On March 11, 1983, ten days prior to the March 21 trial setting, Anheuser-Busch identified both Dr. Gaydos and Dr. Seeskin as witnesses in a pretrial submission witness list, but did not indicate that they would testify as experts. At trial, Anheuser-Busch's counsel stated that he informed plaintiffs' attorney during two conversations in March that the witnesses were experts. However, he did not serve supplemental answers indicating the nature of their expert opinion testimony until the afternoon of March 21.
Because of a continuance, the trial actually began on March 23, 1983.
Plaintiffs-appellees had requested identification of Anheuser-Busch's expert witnesses in interrogatories filed August 16, 1982.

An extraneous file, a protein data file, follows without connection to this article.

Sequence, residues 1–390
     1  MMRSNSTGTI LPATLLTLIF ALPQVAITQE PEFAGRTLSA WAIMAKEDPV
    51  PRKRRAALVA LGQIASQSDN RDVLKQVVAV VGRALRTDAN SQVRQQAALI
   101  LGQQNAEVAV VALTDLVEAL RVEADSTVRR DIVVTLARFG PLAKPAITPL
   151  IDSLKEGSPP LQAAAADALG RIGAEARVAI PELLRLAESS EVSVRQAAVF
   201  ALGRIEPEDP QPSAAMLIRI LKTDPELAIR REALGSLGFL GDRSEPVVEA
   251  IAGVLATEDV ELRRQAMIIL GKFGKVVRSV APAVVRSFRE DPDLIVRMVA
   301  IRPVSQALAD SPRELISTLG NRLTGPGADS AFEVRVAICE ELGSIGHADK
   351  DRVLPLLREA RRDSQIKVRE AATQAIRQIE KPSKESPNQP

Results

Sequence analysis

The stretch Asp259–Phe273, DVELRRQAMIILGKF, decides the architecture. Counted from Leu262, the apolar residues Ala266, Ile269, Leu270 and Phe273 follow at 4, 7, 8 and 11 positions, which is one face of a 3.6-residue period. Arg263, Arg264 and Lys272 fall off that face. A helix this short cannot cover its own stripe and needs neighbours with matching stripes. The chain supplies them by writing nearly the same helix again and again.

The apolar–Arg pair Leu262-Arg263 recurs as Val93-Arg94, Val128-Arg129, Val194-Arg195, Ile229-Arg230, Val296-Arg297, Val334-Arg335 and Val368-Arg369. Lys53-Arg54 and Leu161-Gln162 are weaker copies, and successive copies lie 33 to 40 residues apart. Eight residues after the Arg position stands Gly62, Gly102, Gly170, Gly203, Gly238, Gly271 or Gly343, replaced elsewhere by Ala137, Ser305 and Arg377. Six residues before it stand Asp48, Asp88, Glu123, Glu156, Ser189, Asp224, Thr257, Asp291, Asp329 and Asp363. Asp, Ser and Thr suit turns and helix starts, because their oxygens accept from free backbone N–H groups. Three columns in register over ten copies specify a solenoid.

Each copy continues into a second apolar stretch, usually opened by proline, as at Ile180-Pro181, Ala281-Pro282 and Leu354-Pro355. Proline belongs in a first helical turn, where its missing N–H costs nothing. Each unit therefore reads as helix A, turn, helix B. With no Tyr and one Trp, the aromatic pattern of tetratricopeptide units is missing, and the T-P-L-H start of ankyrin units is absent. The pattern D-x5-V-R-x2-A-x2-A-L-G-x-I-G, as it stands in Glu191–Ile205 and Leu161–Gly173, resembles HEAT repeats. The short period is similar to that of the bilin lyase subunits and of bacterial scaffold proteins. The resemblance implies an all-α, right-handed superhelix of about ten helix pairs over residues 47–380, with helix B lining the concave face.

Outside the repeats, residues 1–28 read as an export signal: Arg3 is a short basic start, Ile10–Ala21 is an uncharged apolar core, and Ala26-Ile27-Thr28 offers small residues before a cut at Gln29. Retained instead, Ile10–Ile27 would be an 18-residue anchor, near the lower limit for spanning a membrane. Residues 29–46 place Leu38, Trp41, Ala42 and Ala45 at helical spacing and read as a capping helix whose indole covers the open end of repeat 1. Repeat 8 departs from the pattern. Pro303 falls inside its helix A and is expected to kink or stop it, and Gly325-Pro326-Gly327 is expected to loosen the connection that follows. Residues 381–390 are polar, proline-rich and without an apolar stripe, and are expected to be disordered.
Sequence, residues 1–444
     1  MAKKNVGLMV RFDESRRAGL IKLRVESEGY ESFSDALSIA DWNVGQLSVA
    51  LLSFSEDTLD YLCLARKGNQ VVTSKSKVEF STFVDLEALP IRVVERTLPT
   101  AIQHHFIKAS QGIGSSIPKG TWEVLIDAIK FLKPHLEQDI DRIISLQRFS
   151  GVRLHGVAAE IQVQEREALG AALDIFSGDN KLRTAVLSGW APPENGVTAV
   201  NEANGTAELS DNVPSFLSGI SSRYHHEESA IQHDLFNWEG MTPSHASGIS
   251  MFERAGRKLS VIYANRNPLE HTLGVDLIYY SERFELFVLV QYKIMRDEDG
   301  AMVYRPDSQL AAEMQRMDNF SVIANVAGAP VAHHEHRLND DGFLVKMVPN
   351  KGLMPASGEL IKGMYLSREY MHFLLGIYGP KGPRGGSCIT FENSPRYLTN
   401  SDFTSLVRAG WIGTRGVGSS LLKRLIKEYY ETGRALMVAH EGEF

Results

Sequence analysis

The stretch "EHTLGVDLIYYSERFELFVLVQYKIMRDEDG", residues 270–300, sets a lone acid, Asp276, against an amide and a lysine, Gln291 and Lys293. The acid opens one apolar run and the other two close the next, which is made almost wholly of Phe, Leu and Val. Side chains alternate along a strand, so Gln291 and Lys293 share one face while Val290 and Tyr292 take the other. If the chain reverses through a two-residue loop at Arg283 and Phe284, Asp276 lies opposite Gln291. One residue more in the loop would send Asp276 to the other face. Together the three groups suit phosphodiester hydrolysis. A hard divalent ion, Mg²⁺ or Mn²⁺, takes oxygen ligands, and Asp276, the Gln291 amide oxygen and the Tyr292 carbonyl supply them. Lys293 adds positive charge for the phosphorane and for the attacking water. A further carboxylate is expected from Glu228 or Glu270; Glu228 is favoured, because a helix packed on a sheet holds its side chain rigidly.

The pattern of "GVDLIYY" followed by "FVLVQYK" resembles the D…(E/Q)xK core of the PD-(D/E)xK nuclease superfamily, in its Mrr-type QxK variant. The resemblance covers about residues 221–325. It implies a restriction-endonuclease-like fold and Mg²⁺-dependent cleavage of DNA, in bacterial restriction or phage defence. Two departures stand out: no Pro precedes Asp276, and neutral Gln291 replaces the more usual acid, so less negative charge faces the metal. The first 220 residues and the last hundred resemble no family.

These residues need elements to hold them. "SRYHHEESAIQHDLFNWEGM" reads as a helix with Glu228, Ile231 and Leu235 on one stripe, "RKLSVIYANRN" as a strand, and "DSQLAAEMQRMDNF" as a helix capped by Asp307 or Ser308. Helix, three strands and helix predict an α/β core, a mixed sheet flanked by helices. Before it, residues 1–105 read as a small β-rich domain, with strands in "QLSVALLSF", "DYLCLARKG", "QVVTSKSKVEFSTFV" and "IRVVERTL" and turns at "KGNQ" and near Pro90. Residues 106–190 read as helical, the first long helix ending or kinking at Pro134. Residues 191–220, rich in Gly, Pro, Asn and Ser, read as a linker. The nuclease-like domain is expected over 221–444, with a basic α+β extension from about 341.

Neither Dr. Seeskin nor Dr. Gaydos was specially retained to testify at trial. Both were industrial psychologists employed by Anheuser-Busch to work as in-house experts. Because both men had been identified as witnesses, plaintiffs' counsel did not object to their testifying to facts as employees of the Company, but did object to any expert opinion testimony. The district court sustained the objection on the ground that plaintiffs had been denied an opportunity for appropriate discovery, and ruled that both men could testify as ordinary witnesses. However, after each witness had testified briefly and the court had sustained repeated objections on the ground that the testimony was expert in nature, the trial judge concluded that the substance of the testimony offered was such that he was unable to separate Dr. Gaydos' and Dr. Seeskin's statements about what they did for the Company from their expertise. He therefore granted plaintiffs' motions in limine to exclude further testimony from either witness. Anheuser-Busch contends that these evidentiary rulings constitute reversible error.